Today Riken announced that Fujitsu Ltd. has been selected to develop the basic design for Japan’s next-generation supercomputer.
Search Results for: K supercomputer
In this video, Dr. Nick Nystrom from PSC discusses what makes the Sherlock supercomputer unique and how businesses can take advantage of its graph computing prowess. Sherlock is a YarcData uRiKA (Universal RDF Integration Knowledge Appliance) data appliance with PSC enhancements. It enables large-scale, rapid graph analytics through massive multithreading, a shared address space, sophisticated […]
Ed. Note: The launch event starts at the 28:22 minute mark. The Pittsburg Supercomputer Center is streaming live video from their launch event for their new Sherlock supercomputer. A uRiKA graph-analytics appliance from YarcData, Sherlock is designed to discover unknown relationships or patterns hidden in extremely large and complex bodies of information. Sherlock gives PSC […]
The Southern California Earthquake Center (SCEC), using the power of the petascale Blue Waters Supercomputer at the National Center for Supercomputing Applications, University of Illinois at Urbana-Champaign, has developed a physics-based model called CyberShake that simulates how an earthquake works rather than approximating the tremors based on observations.
Over at ORNL, Katie Elyce Jones writes that the US Department of Energy (DOE) is mining for alternatives to rare earth magnetic material, an obviously scarce resource. For manufacturers of electric motors and other devices, procuring these materials involves environmental concerns from mining rare earth metals, their costs, and an unpredictable supply chain.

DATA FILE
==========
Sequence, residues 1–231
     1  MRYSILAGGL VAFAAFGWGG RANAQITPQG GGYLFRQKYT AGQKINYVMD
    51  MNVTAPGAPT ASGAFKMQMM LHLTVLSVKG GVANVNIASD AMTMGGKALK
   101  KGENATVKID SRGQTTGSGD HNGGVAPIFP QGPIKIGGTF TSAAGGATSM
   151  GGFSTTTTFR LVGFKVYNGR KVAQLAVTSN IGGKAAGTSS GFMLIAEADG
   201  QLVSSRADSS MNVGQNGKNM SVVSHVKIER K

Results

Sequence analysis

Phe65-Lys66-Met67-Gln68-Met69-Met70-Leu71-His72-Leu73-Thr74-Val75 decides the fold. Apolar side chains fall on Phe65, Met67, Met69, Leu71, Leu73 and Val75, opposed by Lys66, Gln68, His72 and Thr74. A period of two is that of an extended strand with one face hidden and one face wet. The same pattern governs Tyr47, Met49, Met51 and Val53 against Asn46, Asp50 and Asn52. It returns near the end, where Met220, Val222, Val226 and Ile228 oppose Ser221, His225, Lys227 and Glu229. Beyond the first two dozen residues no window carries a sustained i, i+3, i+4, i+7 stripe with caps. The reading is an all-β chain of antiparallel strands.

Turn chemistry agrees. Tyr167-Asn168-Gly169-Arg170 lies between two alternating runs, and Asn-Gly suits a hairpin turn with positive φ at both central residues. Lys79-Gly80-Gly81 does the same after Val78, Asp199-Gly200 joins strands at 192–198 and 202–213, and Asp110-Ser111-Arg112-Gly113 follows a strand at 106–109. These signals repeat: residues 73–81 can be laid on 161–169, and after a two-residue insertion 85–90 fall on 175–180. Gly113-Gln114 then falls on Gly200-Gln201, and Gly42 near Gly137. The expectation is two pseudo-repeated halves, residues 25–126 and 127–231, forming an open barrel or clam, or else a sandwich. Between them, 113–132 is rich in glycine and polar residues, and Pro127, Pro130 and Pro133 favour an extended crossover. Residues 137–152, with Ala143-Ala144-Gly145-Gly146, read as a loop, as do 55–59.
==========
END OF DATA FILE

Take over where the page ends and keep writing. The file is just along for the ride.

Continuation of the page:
Today the Gauss Centre for Supercomputing (GCS) announced on 13 November 2014 that its member centre High Performance Computing Center Stuttgart (HLRS) successfully completed the installation of HPC system “Hornet”. The new HLRS supercomputer, a CRAY XC40 system which delivers a peak performance of 3.8 PetaFlops, has been declared fully operational and will be available […]
“SGI has been delivering scaleable shared memory systems for over 2 decades. The 7th generation SGI NUMAlink7 technology is being delivered in the SGI UV 300, launched at SC14. A single UV 300 chassis (5U) provides 4 Xeon E7 processors, up to 96 DIMMs, and 12 PCIe slots. Connecting 8 of these units together in a single rack, using NUMAlink7 interconnect, then creates a huge pool of resources, up to 480 cores, 24TB DRAM, which can be extended with additional PCIe devices for highest performance FLASH in the industry, as well as compute acceleration with Intel Xeon Phi and visualization capabilities – all in a single system!”
“The ICE X is in production now. It is a compute-focused platform. At this show, we’re introducing the ICE XA. It adds several degrees of flexibility. With the ICE XA, we’ll still maintain the compute-only-density that we have in our ICE. But we have another blade available for that, which will enable accelerators, both GPU and Xeon Phi cards. We have an even third blade, will allow people to add hard drives and other IO devices. So, the flexibility of the ICE XA is what we’re talking about today at the show.”